‘I always follow the party line’: deputy minister stuns judge Raymond Zondo
If I perish, then so be it - but the ANC comes first and everything else follows.
This, essentially, was the view expressed by deputy transport minister Dikeledi Magadzi on Monday.
Magadzi was testifying at the state capture inquiry about the conduct of parliament’s portfolio committee on transport, which she chaired during the fifth parliament.
She told a stunned inquiry chairperson, deputy chief justice Raymond Zondo, that she was proud to always follow the party line when voting on issues in parliament. This she would always do, come rain or shine - even if the ANC was wrong in its instruction, she insisted.
Magadzi was defending her decision to vote in rejection of a DA-sponsored motion for parliament to establish an ad-hoc committee to investigate the alleged Gupta family hold on government in 2016.
Magadzi said the ANC had instructed her and other party members to vote against the motion, and said she “did exactly that”.
Would she do the same today, having new facts on the Gupta family’s alleged misdemeanors, asked Zondo?
Magadzi was emphatic that she would “always follow my party’s line”.
“When I am in parliament I am representing the ANC and I will always make sure I toe the party line,” said Magadzi.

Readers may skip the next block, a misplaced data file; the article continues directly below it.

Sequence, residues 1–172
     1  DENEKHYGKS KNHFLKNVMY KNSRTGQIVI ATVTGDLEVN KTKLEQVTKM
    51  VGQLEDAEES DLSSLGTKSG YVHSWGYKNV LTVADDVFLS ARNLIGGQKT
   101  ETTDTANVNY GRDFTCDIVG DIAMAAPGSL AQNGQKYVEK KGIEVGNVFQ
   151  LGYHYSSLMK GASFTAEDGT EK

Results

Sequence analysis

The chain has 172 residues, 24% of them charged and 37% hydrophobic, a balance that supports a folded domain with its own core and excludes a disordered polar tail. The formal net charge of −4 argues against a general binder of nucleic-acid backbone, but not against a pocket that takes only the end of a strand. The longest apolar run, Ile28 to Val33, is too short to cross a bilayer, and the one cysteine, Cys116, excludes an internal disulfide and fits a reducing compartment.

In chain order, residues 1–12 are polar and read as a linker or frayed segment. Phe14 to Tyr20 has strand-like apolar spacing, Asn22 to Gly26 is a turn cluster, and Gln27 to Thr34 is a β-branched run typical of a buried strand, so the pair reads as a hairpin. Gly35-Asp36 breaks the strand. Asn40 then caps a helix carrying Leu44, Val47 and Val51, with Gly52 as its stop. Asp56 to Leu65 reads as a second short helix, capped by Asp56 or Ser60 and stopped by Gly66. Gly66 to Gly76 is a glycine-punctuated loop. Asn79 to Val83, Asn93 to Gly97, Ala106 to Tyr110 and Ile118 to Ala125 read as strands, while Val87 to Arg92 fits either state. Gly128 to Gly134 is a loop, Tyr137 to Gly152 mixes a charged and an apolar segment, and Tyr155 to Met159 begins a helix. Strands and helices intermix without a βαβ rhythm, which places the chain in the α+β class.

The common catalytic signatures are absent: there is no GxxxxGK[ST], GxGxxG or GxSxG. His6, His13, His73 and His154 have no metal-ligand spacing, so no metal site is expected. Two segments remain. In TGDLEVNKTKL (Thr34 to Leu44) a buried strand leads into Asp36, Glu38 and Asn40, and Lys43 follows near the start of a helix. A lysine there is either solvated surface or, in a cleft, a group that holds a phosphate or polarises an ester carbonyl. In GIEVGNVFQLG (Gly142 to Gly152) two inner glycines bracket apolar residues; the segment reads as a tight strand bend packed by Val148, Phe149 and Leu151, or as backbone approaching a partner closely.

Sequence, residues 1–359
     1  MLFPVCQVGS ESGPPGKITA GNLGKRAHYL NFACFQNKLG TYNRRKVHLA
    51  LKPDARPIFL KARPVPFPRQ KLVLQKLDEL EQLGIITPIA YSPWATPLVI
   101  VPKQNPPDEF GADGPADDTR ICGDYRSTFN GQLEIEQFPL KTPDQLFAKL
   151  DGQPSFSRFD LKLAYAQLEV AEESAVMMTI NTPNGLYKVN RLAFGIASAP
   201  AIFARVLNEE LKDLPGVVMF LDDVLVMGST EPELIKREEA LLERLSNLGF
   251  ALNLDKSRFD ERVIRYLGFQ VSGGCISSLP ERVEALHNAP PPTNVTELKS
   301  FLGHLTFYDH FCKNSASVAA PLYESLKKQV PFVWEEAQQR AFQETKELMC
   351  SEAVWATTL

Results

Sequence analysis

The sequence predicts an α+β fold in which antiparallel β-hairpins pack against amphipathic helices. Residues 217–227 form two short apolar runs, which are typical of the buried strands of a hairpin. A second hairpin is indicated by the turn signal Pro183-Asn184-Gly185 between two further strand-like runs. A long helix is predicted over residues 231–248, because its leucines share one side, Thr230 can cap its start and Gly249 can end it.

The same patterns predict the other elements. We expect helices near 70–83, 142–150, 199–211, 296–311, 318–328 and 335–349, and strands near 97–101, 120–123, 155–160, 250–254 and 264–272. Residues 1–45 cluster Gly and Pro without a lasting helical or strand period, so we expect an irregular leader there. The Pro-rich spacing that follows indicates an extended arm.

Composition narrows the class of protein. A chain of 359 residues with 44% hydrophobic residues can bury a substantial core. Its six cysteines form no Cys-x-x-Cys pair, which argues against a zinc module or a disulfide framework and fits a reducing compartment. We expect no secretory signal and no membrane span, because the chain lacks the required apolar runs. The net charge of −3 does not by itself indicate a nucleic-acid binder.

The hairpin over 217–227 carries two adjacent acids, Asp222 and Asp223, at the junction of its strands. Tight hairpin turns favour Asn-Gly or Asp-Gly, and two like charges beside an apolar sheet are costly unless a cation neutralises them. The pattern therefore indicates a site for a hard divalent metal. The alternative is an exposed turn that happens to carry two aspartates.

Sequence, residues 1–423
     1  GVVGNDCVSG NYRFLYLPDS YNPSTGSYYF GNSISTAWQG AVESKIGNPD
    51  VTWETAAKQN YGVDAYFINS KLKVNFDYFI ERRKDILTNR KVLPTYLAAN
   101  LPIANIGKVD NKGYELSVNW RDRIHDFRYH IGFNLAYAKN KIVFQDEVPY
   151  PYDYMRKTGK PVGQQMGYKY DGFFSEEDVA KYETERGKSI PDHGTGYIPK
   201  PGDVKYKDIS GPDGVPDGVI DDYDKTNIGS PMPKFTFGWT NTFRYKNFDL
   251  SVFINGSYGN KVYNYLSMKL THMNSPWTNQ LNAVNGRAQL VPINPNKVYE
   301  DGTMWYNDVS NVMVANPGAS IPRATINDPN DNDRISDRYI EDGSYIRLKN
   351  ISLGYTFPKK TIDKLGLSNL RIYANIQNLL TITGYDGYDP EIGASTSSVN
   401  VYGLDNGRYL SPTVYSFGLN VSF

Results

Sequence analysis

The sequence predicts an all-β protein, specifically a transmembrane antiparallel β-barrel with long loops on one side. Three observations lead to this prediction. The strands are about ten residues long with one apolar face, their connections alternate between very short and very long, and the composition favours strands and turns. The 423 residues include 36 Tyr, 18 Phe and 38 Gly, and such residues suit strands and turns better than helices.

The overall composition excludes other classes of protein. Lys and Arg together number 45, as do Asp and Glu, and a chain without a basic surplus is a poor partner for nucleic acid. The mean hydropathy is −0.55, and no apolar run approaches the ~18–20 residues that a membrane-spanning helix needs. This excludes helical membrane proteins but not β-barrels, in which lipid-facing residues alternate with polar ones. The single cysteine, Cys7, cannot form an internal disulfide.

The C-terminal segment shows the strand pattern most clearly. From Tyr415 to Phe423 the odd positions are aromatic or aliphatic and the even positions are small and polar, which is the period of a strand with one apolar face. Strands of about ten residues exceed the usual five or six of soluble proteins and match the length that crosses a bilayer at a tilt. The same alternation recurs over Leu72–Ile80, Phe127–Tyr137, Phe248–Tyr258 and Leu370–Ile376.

“On the motion [by the DA to establish an ad-hoc committee], the ANC said we are not going to support that motion. When the party says this is the route we are going to take, you cannot deviate.
“I did not ask the reason why. I believe when my party says we are not going to support the motion, I do exactly just that,” she said.
“I did not go to parliament of my own accord, I went to parliament representing the ANC. Knowing what I know now, I still believe what the party had instructed us to do was correct.”
Magadzi also defended her committee’s decision not to investigate allegations when she was chairperson that the Gupta family and former president Jacob Zuma’s son Duduzane had attempted to rig the tender system regarding the Passenger Rail Agency of SA (Prasa) for the procurement of locomotives worth R51bn.
The committee had also ignored allegations by then Prasa boss Lucky Montana that the Guptas had tried to have their associates appointed to the Prasa board.
Magadzi said then Prasa board chairperson Popo Molefe had asked law enforcement agencies to investigate the allegations and therefore there was no need for her committee to do the same.
Zondo was again “disappointed” and pressured Magadzi to eventually change her view on the matter after a lengthy verbal exchange.
“I accept the fact that the committee should have done something,” conceded Magadzi.
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